Comparative proteomic analyses of urine from rat urothelial carcinoma chemically induced by exposure to N-butyl-N-(4-hydroxybutyl)-nitrosamine


Bladder cancer is estimated to be the ninth most common malignancy with a high rate of recurrence and progression despite therapy, early diagnosis being crucial for timely intervention. Using a well-established animal model of urothelial carcinoma, we performed a comprehensive analysis of urine proteome profile from healthy animals and animals with urothelial carcinoma at two time-points of disease pathogenesis. GeLC-MS/MS, followed by bioinformatics analysis of unique proteins and the ones present in significantly distinct levels among groups, highlighted the biological processes involved in disease pathogenesis such as, for instance, response to selenium and to drugs, neutral lipid metabolism at earlier stages of disease, and inflammation, immune response and wound healing at advanced stages. Proteins from up-regulated biological processes might be seen as putative disease biomarkers. These include, for example, cadherins, lipoproteins, and glysosyltransferases, which may be included in multimarker strategies. Taken together, the data support the application of urine proteomics for the identification of the biological processes modulated by bladder cancer in an integrative perspective. The present exploratory urinary proteomic analysis might be seen as an important starting point for studies targeting urinary proteins in human, aiming at the implementation of novel laboratory approaches for the detection and successful management of urothelial carcinoma.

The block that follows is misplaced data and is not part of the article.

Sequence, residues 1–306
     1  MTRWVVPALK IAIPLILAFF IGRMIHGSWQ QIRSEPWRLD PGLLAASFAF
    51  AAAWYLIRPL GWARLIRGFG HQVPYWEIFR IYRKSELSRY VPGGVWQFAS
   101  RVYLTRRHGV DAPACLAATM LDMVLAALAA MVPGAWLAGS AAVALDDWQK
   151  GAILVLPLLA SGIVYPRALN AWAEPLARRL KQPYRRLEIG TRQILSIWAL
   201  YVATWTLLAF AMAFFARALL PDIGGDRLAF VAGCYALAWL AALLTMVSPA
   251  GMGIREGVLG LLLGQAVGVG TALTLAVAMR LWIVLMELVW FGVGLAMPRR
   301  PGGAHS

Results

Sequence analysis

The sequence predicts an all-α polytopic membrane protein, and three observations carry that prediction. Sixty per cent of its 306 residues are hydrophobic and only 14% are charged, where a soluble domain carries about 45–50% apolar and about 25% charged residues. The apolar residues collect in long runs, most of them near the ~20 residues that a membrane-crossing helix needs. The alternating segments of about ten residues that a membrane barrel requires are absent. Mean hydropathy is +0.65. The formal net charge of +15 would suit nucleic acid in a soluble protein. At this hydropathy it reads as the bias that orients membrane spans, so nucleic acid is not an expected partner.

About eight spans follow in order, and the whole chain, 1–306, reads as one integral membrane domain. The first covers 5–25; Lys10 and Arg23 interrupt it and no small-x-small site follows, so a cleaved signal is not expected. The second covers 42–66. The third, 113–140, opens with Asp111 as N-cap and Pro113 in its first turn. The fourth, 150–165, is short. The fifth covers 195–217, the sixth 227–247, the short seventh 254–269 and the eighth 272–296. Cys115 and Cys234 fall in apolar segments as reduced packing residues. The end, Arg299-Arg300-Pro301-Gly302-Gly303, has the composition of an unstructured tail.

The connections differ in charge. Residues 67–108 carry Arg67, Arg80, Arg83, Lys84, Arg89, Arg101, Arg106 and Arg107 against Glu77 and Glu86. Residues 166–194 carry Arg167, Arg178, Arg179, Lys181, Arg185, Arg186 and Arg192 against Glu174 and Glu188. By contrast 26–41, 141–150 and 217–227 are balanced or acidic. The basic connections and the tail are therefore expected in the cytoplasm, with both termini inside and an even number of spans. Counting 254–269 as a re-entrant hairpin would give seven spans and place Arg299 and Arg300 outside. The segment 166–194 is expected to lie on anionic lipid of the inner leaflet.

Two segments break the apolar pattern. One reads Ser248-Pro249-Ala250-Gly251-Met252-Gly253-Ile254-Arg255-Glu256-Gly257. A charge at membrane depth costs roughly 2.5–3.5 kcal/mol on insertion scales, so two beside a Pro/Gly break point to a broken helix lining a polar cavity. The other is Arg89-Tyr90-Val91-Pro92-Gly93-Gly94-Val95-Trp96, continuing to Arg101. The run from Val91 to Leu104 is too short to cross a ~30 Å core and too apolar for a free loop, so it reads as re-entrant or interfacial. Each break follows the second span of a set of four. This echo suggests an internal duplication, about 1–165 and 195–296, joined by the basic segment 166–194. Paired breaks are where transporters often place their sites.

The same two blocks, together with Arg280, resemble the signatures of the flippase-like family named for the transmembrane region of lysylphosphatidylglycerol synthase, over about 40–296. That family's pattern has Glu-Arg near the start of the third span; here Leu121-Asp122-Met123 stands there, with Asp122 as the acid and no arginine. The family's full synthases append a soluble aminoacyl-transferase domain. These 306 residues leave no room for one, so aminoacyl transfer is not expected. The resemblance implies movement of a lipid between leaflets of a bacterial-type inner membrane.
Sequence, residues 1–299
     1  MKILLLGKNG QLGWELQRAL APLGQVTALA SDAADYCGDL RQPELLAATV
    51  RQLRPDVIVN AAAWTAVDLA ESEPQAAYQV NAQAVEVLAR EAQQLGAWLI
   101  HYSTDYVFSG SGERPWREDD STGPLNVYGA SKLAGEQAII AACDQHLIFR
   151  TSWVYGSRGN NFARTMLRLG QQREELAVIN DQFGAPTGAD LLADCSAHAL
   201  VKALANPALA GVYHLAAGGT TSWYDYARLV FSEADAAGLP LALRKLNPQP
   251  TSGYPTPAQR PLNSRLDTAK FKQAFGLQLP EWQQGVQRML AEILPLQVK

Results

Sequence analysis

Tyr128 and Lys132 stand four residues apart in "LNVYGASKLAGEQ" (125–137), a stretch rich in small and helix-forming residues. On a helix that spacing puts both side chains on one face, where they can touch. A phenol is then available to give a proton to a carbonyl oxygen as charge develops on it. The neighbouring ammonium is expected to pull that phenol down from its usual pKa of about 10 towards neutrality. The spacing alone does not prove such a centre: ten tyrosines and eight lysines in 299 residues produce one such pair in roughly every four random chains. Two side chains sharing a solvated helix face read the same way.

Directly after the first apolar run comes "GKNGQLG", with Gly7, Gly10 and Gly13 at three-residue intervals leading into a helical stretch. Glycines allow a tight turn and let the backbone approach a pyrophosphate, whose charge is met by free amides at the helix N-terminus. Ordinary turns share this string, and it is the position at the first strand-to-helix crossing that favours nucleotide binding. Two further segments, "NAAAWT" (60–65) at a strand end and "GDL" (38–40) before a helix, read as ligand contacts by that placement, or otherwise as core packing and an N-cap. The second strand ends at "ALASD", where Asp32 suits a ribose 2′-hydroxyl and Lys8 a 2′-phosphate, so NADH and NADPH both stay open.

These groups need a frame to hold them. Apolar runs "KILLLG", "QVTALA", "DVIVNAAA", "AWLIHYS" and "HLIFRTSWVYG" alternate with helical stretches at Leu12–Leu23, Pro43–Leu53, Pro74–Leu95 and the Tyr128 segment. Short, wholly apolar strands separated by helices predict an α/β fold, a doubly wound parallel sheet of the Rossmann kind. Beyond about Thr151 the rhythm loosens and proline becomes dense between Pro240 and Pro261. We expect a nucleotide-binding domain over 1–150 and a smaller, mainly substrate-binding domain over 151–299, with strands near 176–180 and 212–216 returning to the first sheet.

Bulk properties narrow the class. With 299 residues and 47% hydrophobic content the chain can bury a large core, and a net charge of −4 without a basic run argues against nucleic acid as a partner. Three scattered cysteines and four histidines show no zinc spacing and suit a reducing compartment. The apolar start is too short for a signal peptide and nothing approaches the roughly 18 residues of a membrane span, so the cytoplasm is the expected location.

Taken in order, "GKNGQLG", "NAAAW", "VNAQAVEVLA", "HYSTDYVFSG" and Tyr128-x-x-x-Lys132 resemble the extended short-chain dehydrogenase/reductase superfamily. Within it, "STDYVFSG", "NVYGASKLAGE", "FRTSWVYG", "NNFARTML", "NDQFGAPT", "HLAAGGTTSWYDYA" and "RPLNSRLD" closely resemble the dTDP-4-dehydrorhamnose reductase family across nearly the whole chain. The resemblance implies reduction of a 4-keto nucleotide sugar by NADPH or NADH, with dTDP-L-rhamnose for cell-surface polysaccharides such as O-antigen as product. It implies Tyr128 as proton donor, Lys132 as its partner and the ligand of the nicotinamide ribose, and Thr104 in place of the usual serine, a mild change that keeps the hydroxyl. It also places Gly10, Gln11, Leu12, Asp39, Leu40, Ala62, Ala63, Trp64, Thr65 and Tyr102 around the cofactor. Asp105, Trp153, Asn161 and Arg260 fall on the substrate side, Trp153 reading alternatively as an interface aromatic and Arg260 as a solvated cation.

subject category

Biochemistry & Molecular Biology


Ferreira, R; Oliveira, P; Martins, T; Magalhaes, S; Trindade, F; Pires, MJ; Colaco, B; Barros, A; Santos, L; Amado, F; Vitorino, R

our authors


This work was supported by Portuguese Foundation for Science and Technology (FCT), European Union, QREN, FEDER and COMPETE for funding the QOPNA research unit (project PEst-C/QUI/UI0062/2013; FCOMP-01-0124-FEDER-037296) and the research project (PTDC/DES/114122/2009; FCOMP-01-0124-FEDER-014707), and by RNEM (Portuguese Mass Spectrometry Network).

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